Incorporating Online Socializing in the Writing Classroom

by Catherine Hooper

To fully understand our continually changing position in the world of professional writing, we must also understand how we teach writing, how writing changes, and how these changes shape the incoming technical communication workforce. As the current age of social networking sites (, takes off, both instructors and employers of writers must understand how these social networking sites, which involve millions of users who regularly engage in a new breed of written communication, impacts the next generation of technical communicators.

As an instructor of basic composition at a state university, I hear lots of dialogue debating the merit of these social networking websites. Instructors fear that these sites take up extreme amounts of students' time and devolve their grasp of written communication. However, as student participation in such online socializing is increasing at an incredible rate, it seems that perhaps instructors of writing should, if not embrace, then utilize the technology in order to increase student buy-in within the writing classroom. Bridging the gap between instructors and students is often an uphill battle, and we must attempt to understand and evaluate the changing product that is student writing and find ways to encourage learning through even the most unlikely outlets. Instructors of composition often find themselves charged with instruction in critical thinking skills, and as consequences arise from information spread through social networking sights, by ignoring these websites we miss a key opportunity to turn a critical eye to a technology that acts upon our students.

To first understand the importance of social networking sites, we must realize how popular these networks are among students in higher education-the future American workforce. Studies from many schools show that approximately 85 percent of students report using, and when multiple networking cites are considered, this percentage is even higher (Oblinger). I recently conducted a survey asking more than sixty Minnesota State University, Mankato students currently enrolled in Composition 101 about their online socializing preference. Survey results showed that over 80 percent of students reported using either or Among the 66 respondents, only 16.6 percent reported not using social networking sites. The vast majority of students responded that they primarily used, a social networking site that, until recently, accepted only students with email addresses ending in educational addresses. Such a high percentage of student use implies several key ideas: 1) while social networking may be a recent phenomenon, its popularity has already expanded among this age group to challenge the predominance of email, and 2) instructors who think the use of such sites has negative impacts on student writing habits may be fighting a losing battle to steer students away from using these kinds of communication sites.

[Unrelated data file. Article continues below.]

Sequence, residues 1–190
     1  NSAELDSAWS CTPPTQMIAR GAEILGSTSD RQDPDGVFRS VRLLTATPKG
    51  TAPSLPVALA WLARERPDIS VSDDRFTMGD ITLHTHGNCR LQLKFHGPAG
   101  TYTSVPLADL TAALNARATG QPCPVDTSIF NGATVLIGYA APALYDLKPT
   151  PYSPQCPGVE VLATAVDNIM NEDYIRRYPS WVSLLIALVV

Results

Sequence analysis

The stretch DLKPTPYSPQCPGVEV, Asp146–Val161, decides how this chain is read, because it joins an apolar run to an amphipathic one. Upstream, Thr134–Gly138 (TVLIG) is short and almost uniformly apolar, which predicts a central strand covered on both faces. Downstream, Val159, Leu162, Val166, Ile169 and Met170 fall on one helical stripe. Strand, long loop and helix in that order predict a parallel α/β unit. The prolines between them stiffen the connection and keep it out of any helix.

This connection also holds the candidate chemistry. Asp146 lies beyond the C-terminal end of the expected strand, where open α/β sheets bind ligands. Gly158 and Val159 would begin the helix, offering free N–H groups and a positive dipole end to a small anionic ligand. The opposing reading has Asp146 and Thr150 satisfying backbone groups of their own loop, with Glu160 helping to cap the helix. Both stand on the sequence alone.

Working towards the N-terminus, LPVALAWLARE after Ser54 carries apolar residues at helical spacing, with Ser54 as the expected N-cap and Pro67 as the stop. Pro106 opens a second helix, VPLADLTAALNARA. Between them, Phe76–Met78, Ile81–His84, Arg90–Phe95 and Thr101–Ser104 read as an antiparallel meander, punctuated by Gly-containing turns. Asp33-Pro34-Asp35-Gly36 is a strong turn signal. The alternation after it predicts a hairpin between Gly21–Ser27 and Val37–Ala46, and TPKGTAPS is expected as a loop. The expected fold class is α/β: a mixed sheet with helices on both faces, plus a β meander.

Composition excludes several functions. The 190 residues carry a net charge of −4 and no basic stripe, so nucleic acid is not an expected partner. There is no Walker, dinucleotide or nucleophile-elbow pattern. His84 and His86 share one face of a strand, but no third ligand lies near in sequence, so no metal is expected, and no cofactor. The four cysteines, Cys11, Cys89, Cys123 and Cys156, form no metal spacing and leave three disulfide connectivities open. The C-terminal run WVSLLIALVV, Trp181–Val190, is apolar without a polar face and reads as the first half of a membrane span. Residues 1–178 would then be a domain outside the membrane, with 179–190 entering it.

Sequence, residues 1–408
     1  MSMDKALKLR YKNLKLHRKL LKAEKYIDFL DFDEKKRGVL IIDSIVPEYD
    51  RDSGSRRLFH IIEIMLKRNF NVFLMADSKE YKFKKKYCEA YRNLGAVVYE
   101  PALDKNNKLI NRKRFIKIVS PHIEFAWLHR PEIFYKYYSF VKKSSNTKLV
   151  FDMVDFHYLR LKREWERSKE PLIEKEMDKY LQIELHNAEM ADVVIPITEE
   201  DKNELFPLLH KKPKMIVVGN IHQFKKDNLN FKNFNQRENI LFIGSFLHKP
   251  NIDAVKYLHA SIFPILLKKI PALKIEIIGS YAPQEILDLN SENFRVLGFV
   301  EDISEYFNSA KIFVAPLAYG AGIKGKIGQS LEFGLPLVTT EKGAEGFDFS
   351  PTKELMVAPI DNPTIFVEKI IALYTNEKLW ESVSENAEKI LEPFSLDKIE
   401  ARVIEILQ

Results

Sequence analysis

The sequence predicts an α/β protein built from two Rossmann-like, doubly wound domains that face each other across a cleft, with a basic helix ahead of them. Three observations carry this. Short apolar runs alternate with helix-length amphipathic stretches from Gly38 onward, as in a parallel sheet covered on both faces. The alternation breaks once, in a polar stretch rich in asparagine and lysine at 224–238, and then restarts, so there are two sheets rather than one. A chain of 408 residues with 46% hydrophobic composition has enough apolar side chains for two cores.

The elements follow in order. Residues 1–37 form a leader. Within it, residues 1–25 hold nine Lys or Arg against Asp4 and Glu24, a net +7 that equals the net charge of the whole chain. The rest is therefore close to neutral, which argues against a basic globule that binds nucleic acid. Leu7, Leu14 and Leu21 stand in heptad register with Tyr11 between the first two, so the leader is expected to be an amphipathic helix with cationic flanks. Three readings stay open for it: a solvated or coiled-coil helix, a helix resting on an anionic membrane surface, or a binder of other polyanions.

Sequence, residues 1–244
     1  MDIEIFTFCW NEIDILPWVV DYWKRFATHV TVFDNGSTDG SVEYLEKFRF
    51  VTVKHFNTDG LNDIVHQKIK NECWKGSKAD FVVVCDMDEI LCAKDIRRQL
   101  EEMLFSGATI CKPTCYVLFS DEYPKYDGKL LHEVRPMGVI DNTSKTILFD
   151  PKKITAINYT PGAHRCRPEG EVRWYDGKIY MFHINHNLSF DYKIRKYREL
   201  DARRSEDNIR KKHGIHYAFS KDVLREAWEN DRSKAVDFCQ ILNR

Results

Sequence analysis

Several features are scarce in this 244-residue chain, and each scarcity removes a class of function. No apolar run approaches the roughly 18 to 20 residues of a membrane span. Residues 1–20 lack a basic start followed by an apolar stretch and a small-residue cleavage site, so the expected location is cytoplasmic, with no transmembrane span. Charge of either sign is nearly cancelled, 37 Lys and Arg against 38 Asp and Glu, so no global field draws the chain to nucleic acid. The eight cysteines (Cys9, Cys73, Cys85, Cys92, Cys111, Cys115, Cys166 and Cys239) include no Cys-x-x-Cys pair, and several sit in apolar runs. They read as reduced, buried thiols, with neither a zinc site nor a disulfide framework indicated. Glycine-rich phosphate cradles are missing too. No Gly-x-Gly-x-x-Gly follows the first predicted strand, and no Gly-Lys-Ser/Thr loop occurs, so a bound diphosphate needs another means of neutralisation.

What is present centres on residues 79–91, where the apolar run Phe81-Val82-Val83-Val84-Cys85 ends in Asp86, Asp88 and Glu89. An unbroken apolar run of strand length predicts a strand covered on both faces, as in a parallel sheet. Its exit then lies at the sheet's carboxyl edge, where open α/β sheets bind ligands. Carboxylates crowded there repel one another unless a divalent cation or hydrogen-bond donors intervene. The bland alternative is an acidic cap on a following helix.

Instructor distrust of social networking sites comes from several legitimate concerns. Writing instructors profess worries time and again that the use of hurried, informal, abbreviated written discourse in such a large amount negatively impacts student writing skills. When asking several fellow composition instructors about student use of social networking sites, one instructor commented, "The more they use it, the less they seem to remember how to capitalize or use punctuation." The students, however, see the matter differently. Of students surveyed, a mere 27.2 percent felt that using abbreviations such as LOL (laugh out loud) or "u" (you) in online socializing increased their tendency to use these forms in academic writing. More than 50 percent of students indicated that they considered the writing forms to be entirely separate, one student stating, "I know when I'm talking online and when I am not." Others repeated this sentiment, responding with varying degrees of insult at the implication that they could not discern the different audience for different writing situations.